The Atlantic

The U.S. Is a Good Place for Bad People to Stash Their Money

America vows to promote financial transparency, yet it will let just about anyone register an anonymous shell company.
Source: Larry Downing / Reuters

When Viktor Bout—the arms dealer extraordinaire who inspired the 2005 Nicolas Cage movie Lord of War—sought to set up anonymous shell companies, according to a Senate panel, he turned to, of all places, the U.S. So too, court documents indicate, did former Ukrainian Prime Minister Pavlo Lazarenko, a man who has landed on Transparency International’s list of the 10 most corrupt officials. Per a Senate report, the same was true of the accused kleptocrat Teodoro Nguema Obiang Mangue, the son of Equatorial Guinea’s president, who went on to forfeit more than $30 million worth of mansions and sports cars to American officials (but somehow managed to hold onto Michael Jackson’s crystal-studded glove).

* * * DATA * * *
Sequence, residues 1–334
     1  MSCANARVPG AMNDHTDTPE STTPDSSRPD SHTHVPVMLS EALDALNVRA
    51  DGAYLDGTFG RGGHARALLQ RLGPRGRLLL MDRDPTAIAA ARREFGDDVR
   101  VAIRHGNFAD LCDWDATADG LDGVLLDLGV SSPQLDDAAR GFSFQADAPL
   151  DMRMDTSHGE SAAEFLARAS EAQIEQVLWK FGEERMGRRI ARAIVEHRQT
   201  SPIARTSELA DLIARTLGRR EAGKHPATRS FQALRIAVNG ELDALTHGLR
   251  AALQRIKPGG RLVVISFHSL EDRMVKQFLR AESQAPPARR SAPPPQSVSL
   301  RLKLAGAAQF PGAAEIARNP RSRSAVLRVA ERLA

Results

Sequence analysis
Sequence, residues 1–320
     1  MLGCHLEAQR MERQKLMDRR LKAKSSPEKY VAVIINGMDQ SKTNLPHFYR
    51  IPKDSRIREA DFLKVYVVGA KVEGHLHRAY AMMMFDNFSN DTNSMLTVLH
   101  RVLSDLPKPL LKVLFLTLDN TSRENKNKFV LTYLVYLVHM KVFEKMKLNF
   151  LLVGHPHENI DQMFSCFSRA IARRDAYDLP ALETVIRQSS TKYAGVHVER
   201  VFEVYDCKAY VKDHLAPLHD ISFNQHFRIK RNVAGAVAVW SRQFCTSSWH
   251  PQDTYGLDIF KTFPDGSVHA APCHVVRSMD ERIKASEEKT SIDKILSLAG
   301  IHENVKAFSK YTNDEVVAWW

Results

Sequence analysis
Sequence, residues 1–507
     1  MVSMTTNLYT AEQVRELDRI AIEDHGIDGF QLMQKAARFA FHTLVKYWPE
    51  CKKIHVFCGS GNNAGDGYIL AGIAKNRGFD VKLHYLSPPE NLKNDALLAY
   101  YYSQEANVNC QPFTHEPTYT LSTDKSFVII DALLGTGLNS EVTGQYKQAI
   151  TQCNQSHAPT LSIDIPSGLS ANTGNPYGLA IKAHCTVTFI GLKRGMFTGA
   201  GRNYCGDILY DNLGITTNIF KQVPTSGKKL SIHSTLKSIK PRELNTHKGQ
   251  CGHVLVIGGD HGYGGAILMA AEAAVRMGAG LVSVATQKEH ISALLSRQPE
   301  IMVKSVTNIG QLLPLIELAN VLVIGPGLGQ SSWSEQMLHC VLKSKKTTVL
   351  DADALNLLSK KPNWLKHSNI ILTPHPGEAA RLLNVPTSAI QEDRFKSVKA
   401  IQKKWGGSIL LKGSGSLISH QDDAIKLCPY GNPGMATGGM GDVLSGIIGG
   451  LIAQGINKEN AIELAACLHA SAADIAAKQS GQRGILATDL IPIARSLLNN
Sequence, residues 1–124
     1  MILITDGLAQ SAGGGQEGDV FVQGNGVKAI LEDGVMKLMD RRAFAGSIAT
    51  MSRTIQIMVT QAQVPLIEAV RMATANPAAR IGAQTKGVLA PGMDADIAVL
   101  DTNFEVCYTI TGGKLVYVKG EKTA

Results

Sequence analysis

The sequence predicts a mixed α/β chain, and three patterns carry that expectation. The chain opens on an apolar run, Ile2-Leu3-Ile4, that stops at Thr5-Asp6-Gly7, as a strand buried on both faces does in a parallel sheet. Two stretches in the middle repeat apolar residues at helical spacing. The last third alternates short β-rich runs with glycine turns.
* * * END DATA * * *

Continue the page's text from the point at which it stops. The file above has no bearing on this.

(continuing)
For this trio, America happened to provide the proper marriage of a stable, independent legal system and complete anonymity. While traditional offshore havens from the to the have recently lurched, however unwillingly, toward greater transparency and financial oversight, people like Lazarenko and Obiang eyed the U.S., the jurisdiction that over the past few years has cemented its position as perhaps the foremost shell-company provider globally. “In some places [in the U.S.], it’s easier to incorporate a company than it is to get a library card,” Joseph Spanjers of the

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